If He’s more like a breath than a beacon, then how do we know when He’s been leading us? If, though we sense His presence, we don’t actually know where He comes from or where He goes to, then how can we know for sure it’s Him who’s been guiding us? If the Spirit of God operates like the wind (Jn. 3:8), then how do we walk in Him?
Some questions I’ve been chewing on as I read the latter portion of Galatians 5 this morning. It’s what I’m noodling on as Paul continues to exhort the Galatians to allow what began by the Spirit to be “perfected” by the Spirit (3:3).
“Walk by the Spirit,” Paul says (3:16). Be “led by the Spirit”–that’s what Paul wants for believers (3:18). What’s more, he writes,
If we live by the Spirit, let us also keep in step with the Spirit.
(Galatians 5:25 ESV)
Sounds like pretty concrete, objective exhortations to me.
But, when all is said and done, isn’t Paul asking us to keep in step with something, actually Someone, who the Bible describes as moving like the air (pneuma is the Greek word translated Spirit . . . as in pneumatic)–though it be divine air? So, how are we to know when we’re walking with the Wind?
For sure, we know that we have been sealed by the Spirit (Eph. 4:30). And we know that He has been given as a deposit of the presence of God guaranteeing what is yet to fully come (Eph. 1:14). That the Spirit actually lives in us (Rom. 8:9), and interacts with our own spirit through some active, mysterious dynamic (Rom. 8:16). We know too that He’s come as a Helper (Jn. 16:7), an Intercessor (Rom. 8:26-27), and as a Teacher who will lead us into all truth (Jn. 14:26, 16:13).
But walk by the Spirit? Be led by the Spirit? Keep in step with the Spirit? How do you know when that’s been happening?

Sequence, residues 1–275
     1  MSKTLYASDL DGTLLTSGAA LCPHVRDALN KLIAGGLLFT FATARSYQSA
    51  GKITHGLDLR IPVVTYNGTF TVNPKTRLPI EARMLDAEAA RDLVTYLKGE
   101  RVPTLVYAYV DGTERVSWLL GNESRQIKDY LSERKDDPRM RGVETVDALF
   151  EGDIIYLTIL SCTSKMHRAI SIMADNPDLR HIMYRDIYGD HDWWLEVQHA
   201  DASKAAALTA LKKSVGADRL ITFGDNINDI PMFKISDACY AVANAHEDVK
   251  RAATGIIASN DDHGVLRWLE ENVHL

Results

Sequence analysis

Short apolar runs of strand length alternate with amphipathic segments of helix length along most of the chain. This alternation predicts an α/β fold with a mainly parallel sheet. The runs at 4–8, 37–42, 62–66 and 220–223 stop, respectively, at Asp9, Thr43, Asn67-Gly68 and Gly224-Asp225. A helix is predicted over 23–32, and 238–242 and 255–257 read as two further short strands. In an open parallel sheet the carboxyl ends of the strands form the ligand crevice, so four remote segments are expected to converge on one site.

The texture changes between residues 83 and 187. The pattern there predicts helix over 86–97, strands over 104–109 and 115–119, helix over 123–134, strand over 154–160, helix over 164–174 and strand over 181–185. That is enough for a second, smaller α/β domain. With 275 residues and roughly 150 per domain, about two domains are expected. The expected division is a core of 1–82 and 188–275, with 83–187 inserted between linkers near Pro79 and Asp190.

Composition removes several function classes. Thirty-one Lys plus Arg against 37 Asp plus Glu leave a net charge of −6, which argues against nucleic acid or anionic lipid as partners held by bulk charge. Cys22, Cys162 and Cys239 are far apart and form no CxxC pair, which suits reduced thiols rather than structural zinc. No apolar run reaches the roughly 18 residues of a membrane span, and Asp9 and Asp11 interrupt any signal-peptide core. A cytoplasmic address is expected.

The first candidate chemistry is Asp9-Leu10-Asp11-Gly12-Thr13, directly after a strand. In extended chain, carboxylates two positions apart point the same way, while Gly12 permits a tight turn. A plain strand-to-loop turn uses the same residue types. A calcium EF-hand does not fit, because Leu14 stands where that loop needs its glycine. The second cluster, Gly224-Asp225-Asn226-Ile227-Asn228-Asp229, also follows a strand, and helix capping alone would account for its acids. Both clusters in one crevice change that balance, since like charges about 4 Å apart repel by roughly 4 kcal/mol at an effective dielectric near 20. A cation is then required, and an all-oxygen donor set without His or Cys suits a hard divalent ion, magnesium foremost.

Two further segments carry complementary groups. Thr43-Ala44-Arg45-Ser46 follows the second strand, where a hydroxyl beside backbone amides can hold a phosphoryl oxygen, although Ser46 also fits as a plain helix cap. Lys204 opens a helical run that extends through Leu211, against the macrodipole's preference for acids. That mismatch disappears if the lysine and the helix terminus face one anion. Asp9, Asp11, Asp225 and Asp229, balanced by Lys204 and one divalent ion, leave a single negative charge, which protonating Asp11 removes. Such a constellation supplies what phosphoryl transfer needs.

At least part of the answer, it seems from my reading this morning, lies in the fruit of the Spirit.
Paul explains in Galatians 5:16-26 that a war rages within the Christian. A battle between the Spirit of God and the nature of our old man, the flesh. They have opposite desires, operate out of incompatible motives, and manifest themselves through very different types of behavior.
Now the works of the flesh are evident: sexual immorality, impurity, sensuality, idolatry, sorcery, enmity, strife, jealousy, fits of anger, rivalries, dissensions, divisions, envy, drunkenness, orgies, and things like these. . . . But the fruit of the Spirit is love, joy, peace, patience, kindness, goodness, faithfulness, gentleness, self-control . . .
(Galatians 5:19-21a, 22-23a ESV)
It seems to me that, while it might be hard to know for sure at any given moment if we are walking with the Wind, the evidence that we have been eventually becomes pretty apparent.
Governed by lust? Consumed with idolatry? Marked by strife, or jealousy, or rage, or rivalries and envy? Prone to drunkenness? Then it’s a pretty good indicator that I’m not walking with the Wind. Even if on the outside I’m pretty good at faking it, if, when I’m honest with what’s going on in my heart, I see these things on the inside, then I probably haven’t been keeping in step.
But, if instead there’s some evidence of a measure of increasing love, joy, and peace . . . if I’m surprised by patience, kindness, and goodness that really wasn’t all that me at one time . . . if I seem to be more and more marked by a desire for faithfulness, a demeanor of gentleness, an ability to exercise some self-control . . . then maybe, just maybe, it’s an indicator that I’ve been walking with the Wind.
Nothing to boast of in the fruit. I can plant the seed with holy desire, water it with the Holy Word, but ultimately it’s God, through His Spirit, who gives the increase.
So, while not a cause for boasting, the fruit of the Spirit is cause for rejoicing because it indicates that I have been walking with the Spirit, been led by the Spirit, and, to some degree, keeping in the step with the Spirit.
I’m thinking it’s one of the ways we know we’ve been walking with the Wind . . .
And that, by His grace. And that, for His glory.